• Consider offering paid time off (PTO) and flexible benefits targeted to individual need.
  • Communicate often and clearly to reduce confusion about changes in your policies and expectations and let people know what’s coming next, at least as far as you know.
  • Ask employees frequently how they’re thinking and feeling, what they need, and how they’d like to work. Don’t ignore the input; act on it.
  • Provide all the necessary support and technology employees need to work productively from remote locations with ease and confidence.
  • Make sure everyone feels included in hybrid situations when some people work in the office and some from home. This could mean leveling the playing field by asking everyone to attend meetings on Zoom, even if some are sitting next to each other in the conference room.
  • People want to be together in person. Be creative about how you can safely organize periodic events.
  • Insert fun: Send cards, celebrate small things, have contests…use your imagination.
  • Sometimes people get tired of endless Zoom. Try a phone call here and there instead so they can dress in comfort clothes or walk in the park while they talk.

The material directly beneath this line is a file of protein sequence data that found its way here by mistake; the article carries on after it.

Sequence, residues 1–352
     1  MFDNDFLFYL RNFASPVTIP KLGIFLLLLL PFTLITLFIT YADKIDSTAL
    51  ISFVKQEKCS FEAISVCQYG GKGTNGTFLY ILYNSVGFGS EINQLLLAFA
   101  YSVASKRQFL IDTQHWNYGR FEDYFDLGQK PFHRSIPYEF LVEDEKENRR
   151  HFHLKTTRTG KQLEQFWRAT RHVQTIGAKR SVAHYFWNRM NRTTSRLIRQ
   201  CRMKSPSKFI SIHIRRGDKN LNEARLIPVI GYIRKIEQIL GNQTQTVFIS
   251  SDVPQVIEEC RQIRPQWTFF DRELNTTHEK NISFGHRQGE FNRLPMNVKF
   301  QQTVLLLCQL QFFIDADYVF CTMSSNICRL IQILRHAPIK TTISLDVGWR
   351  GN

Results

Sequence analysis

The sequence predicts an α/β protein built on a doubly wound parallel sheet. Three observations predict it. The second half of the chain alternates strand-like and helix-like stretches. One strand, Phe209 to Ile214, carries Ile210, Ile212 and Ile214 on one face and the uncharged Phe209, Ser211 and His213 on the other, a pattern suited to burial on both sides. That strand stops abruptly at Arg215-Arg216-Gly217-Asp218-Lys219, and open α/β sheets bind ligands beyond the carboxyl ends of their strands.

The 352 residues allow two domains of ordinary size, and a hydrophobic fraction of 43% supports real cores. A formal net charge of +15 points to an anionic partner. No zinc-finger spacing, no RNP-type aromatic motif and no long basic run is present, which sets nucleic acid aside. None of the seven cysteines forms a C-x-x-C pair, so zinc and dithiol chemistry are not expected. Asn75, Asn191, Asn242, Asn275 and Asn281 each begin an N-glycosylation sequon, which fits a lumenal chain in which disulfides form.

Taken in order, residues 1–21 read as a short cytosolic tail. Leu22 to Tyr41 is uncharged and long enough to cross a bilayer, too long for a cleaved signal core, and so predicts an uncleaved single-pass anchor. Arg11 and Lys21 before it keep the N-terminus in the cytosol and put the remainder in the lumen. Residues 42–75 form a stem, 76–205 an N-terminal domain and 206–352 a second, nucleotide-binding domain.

People are choosing where they want to work in the days to come based on the decisions leadership makes today. Decide to create a culture centered on overall well-being and you’ll be the organization that attracts and retains top talent. It’s clear that remote and hybrid must both be part of the equation in this moment and into the foreseeable future. And so must Zoom. Change is hard, but there is much you can do to reduce the anxiety it causes.

This entry was posted in CMCA by CMCA ~ The Essential Credential. Bookmark the permalink.

About CMCA ~ The Essential Credential

CAMICB is a more than 25 year old independent professional certification body responsible for developing and delivering the Certified Manager of Community Associations® (CMCA) examination. CAMICB awards and maintains the CMCA credential, recognized worldwide as a benchmark of professionalism in the field of common interest community management. The CMCA examination tests the knowledge, skills, and abilities required to perform effectively as a professional community association manager. CMCA credential holders attest to full compliance with the CMCA Standards of Professional Conduct, committing to ethical and informed execution of the duties of a professional manager. The CMCA credentialing program carries dual accreditation. The National Commission for Certifying Agencies (NCCA) accredits the CMCA program for meeting its U.S.-based standards for credentialing bodies. The ANSI National Accreditation Board (ANAB) accredits the CMCA program for meeting the stringent requirements of the ISO/IEC 17024 Standard, the international standards for certification bodies. The program's dual accreditation represents compliance with rigorous standards for developing, delivering, and maintaining a professional credentialing program. It underscores the strength and integrity of the CMCA credential. Privacy Policy: https://www.camicb.org/privacy-policy